(iii) Even the collection of facts, data or information cannot be fully objective. Quantification is closely related to subjective considerations. If we start following the behaviouralists, by upholding the methods and techniques over contents and problems, about 70-80 per cent of the subject matter of Political Science will go out of the discipline itself. Most of the subject matter of Political Science is not observable.
(iv) Data collected by the behaviouralists do not represent the political reality. They tend to observe the unobservable, and sometimes measure the immeasurable, or quantify the unquantifiable. Phenomena like liberty, equality, patriotism, peace, etc., cannot be put under the category of observables.
(v) It is impossible to claim oneself to be value neutral. Every scholar or researcher entertains his own value preferences, and cannot separate them even for a moment.
(vi) As the behaviouralists do not possess even middle range or low-level empirical theories, there is no hope for general or overarching theories. If the theory is general, it will not be valid, and vice-versa. In fact, theories with them, in terms of their own definitions, are not ‘theory’.
Reactions from Critical Theorists and Marxists:
Critical theorists like Habermas present the view that the modern industrial society can be understood only by a holistic and synthetic perspective. Each individual is an operating embodiment of his cultural and technological milieu, and of forces of economic production which make up his praxis. This praxis or learning from this milieu is the determining factor. Praxis inculcates legitimacy to the system. With this view, all attempts to develop an empirical theory appear futile.
Under the influence of growing neo-Marxism in the United States, the student community and the young scholars have joined Neo-Political Science Movement. They want to free social sciences from the behaviouristic shackles of the status quo. They are closely related to the movement regarding Civil Rights for all, anti-nuclear war, rise of Black Power etc.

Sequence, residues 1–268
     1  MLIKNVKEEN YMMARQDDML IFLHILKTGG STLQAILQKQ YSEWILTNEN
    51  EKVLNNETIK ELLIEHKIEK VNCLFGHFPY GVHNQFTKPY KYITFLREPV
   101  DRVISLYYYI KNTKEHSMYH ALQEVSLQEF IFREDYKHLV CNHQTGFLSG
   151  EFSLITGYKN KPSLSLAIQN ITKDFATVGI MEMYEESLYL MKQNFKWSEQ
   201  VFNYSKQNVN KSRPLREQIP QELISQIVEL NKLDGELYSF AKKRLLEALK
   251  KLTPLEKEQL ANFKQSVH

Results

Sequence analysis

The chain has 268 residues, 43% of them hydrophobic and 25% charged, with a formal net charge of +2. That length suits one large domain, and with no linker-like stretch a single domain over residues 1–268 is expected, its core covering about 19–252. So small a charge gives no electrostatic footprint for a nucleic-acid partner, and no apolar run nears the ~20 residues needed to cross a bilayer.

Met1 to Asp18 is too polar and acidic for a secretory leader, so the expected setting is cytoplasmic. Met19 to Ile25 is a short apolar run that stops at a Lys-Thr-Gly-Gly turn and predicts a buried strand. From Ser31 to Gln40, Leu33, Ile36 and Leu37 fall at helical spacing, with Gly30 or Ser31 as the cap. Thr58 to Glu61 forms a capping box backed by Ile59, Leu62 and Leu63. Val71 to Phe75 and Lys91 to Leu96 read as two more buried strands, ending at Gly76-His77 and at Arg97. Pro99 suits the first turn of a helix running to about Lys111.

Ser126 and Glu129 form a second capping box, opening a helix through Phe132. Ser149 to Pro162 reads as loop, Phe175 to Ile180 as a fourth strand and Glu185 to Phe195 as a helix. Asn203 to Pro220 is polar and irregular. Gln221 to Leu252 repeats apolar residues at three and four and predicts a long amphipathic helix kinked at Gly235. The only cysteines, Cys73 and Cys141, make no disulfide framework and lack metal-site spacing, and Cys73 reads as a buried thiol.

Their ideology is receptive to Marxism as well as Existentialism. According to them, behaviouralists stand for capitalism and military dictatorship and have led Political Science to a death trap. It has come in support of the affluent and self-contented American society. Its impact elsewhere also will be the same.
Bernard Crick considers it as undemocratic as it tends to treat man either as a machine or animal. Conclusions derived from individual and micro studies cannot be applied at macro levels. It has led to so much specialisation and professionalisation that the elements of integrity and harmony are disappearing. The whole discipline is disintegrating. At the moral level, behavioural scholars appear to be ready to serve the dictators, monopolists, and power-hungry politicians.
Another critic has remarked that the behaviouralists have so far not been able to say anything which had not been said before. Behaviouralism has triggered off a war and brought about anarchy in academics. It cannot show any path to humanity to march toward a desirable direction. It lacks even allegiance towards the autonomy of the discipline.
Scholars from Phenomenology, Philosophy of Science, and others have considered its emergence as ‘end of polities’. It tries to justify improper as proper by transforming ‘political’ as ‘non-political’. Irrationality becomes rationality, and vice versa. Its value-neutralism can be treated as another kind of mischievous politics.
This game of ‘Scientificing’ is being played through journals, articles, seminars and conferences, and research projects. According to them, it is useless to talk about ‘pure knowledge’. Scientific method and ideology both are closely related. There is a great need to develop a Social Science which may bring about radical changes. It should understand and examine social reality while giving utmost priority to human existence. The problem is that of total change of contemporary society, much less of mere interpretation, still less of explanation.
Most of the arguments advanced above pertain to early stage of behaviouralism; very soon, the behaviouralists prepared themselves in a positive and constructive manner. They concentrated their efforts in all seriousness and sincerity, and remedied several weaknesses, accepting the limitations and rescheduling their goals and priorities.
Post-behavioural movement represents the culmination of this overall reform and reorientation amounting to another ‘revolution’ and ‘change’ in Political Science. Its emergence has to a large extent dispelled many of the above arguments and crudities of early behaviouralism. As such, reply to the remaining objections would suitably be taken after the discussion of post-behavioural revolution in Political Science.